What is Science?
Sometimes an easy way to define something is through thinking of what it is not. While considering pseudo-science in At the Fringes of Science, Michael Friedlander has to start by describing what is science.
At the Fringes of Science: Science, Science Contested and Pseudo-Science
by Michael W. Friedlander
Westview Press, 1998
ISBN 0813390605, 9780813390604
Preview on Google Books
If we judge a science and its theories by the simple test of their usefulness for making accurate and generally quantitative predictions, we find ... that mathematics has become an indispensable language for describing the relationships between various quantities and for permitting the manipulation of those relationships to yield insights and predictions that would be totally impossible if words alone were used. When evaluated in this way, the physical sciences have been the most successful sciences largely because it has been possible to reduce their complexity to the scale of controllable and inanimate systems, with the focus of attention on a very few quantities to the exclusion of all others. In the biological and medical sciences, it is not as easy to identify much less exclude unwanted variables in the study of living organisms, but the application of molecular and cell methods has produced a revolution in some areas.
In a similar vein, while considering Science in the Islamic World, Pervez Hoodbhoy identified critical components of a scientific worldview by contrast with the tenets of religious fundamentalism.
Scientific progress constantly demands that facts and hypotheses be checked and rechecked, and is unmindful of authority. But there lies the problem: The scientific method is alien to traditional, unreformed religious thought. Only the exceptional individual is able to exercise such a mindset in a society in which absolute authority comes from above, questions are asked only with difficulty, the penalties for disbelief are severe, the intellect is denigrated, and a certainty exists that all answers are already known and must only be discovered.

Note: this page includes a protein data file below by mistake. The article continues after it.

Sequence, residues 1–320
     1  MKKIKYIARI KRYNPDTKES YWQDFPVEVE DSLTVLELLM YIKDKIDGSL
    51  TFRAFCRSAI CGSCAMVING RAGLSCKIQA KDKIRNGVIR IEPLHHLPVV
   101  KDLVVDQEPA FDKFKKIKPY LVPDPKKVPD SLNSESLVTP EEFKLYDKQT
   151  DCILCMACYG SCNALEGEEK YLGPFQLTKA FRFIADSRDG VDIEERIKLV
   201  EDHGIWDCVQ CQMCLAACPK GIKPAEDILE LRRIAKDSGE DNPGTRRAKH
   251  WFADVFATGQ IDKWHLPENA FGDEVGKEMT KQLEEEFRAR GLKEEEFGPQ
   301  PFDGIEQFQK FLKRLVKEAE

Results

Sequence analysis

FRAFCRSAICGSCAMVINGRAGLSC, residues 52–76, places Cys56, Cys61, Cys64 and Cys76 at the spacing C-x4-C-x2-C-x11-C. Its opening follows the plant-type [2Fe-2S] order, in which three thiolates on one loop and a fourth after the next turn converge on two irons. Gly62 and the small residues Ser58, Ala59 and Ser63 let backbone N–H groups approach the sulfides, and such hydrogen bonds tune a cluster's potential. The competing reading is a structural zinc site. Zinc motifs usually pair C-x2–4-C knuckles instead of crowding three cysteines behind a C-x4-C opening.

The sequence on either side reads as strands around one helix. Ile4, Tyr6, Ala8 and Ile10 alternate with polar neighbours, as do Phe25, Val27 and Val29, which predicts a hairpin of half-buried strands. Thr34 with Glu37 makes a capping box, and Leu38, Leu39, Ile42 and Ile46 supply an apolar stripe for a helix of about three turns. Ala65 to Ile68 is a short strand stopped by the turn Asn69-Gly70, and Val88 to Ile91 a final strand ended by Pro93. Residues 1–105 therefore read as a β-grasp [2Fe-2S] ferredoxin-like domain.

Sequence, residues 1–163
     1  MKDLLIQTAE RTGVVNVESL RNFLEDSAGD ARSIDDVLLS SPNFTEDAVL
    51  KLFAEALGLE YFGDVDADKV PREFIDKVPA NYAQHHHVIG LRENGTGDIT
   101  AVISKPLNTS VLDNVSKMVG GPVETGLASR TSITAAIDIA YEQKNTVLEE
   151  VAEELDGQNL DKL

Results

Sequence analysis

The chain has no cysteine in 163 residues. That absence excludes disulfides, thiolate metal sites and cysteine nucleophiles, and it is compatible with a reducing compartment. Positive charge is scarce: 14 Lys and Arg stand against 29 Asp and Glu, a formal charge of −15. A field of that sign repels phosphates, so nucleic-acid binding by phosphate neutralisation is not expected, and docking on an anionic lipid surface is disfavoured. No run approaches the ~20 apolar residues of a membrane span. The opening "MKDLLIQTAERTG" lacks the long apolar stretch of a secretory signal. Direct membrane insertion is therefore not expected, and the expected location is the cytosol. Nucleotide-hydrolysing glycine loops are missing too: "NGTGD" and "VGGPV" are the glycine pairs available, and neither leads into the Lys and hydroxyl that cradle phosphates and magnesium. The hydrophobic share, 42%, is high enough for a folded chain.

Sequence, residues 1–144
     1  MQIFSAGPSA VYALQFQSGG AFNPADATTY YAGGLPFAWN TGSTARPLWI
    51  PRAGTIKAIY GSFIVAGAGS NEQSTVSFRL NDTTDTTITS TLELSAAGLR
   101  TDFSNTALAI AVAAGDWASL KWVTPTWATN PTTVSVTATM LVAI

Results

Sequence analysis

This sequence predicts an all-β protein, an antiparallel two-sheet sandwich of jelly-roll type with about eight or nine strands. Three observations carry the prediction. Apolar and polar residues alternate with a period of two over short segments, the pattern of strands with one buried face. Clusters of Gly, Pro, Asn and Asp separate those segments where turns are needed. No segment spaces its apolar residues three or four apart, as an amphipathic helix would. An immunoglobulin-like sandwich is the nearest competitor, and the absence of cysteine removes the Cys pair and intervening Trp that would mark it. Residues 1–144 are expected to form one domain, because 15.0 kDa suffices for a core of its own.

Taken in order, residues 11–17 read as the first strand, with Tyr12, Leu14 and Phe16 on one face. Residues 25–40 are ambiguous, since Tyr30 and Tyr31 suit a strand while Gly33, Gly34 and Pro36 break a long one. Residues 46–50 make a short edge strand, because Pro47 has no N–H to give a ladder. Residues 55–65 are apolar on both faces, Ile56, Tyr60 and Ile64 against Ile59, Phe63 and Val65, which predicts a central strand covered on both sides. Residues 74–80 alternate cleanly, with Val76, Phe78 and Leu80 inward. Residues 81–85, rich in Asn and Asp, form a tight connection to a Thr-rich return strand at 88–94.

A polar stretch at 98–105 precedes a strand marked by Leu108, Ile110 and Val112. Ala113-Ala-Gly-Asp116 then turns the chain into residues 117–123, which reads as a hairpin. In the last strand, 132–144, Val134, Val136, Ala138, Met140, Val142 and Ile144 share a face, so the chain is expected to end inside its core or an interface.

Science finds every soil barren in which miracles are taken literally and seriously and revelation is considered to provide authentic knowledge of the physical world. If the scientific method is trashed, no amount of resources or loud declarations of intent to develop science can compensate. In those circumstances, scientific research becomes, at best, a kind of cataloging or "butterfly-collecting" activity. It cannot be a creative process of genuine inquiry in which bold hypotheses are made and checked.
History of Science and Philosophy
Reflecting on the history of science provides another pathway to a better understanding of the scientific method.
- The Copernican Myths by Mano Singham, Physics Today
- The Politics of God by Mark Lilla, New York Times
- Albert Einstein as a Philosopher of Science by Don A. Howard, Physics Today, Author's Reprint
- Einstein's Mistakes by Steven Weinberg, Physics Today
Lectures on the Harvard Classics provide excellent historical summaries for Natural Science and Philosophy.
Lectures on the Harvard Classics
edited by William Allan Neilson
P.F. Collier & Son Co., 1909–14; Bartleby.com, 2001
Full text on Bartleby.com
Improving Science Education
Science can be difficult to both teach and learn. These resources offer some helpful advice.